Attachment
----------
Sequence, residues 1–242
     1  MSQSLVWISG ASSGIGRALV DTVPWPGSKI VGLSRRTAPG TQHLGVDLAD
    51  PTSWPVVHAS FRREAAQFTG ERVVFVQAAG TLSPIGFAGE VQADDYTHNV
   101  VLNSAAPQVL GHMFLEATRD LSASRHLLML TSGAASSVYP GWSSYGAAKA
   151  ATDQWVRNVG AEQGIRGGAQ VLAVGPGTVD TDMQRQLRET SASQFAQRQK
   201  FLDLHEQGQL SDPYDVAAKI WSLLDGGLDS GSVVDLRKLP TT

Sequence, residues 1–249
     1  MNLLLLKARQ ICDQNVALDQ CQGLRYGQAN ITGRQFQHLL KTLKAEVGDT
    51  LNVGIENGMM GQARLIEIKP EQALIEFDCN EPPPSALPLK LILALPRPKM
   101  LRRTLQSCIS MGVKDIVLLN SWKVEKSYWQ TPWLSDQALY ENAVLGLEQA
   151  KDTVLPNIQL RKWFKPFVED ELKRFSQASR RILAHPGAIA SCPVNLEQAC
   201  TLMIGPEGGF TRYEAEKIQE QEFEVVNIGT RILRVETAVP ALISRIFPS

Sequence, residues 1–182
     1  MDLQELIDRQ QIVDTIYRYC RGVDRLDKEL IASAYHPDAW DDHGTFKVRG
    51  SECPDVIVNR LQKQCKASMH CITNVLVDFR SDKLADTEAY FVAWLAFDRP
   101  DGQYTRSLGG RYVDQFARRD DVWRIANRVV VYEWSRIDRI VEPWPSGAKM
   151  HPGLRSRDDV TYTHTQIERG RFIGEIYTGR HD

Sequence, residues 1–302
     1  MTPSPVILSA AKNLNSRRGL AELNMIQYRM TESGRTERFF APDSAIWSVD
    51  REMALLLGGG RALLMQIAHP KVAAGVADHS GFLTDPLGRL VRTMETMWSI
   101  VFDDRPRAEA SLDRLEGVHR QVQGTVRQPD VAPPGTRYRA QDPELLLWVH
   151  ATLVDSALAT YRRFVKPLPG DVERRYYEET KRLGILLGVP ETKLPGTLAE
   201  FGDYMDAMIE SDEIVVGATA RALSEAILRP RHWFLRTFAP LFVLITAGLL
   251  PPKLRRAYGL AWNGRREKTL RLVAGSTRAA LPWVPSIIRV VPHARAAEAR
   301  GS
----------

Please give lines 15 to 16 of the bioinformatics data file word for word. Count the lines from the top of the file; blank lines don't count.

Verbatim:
    51  SECPDVIVNR LQKQCKASMH CITNVLVDFR SDKLADTEAY FVAWLAFDRP
   101  DGQYTRSLGG RYVDQFARRD DVWRIANRVV VYEWSRIDRI VEPWPSGAKM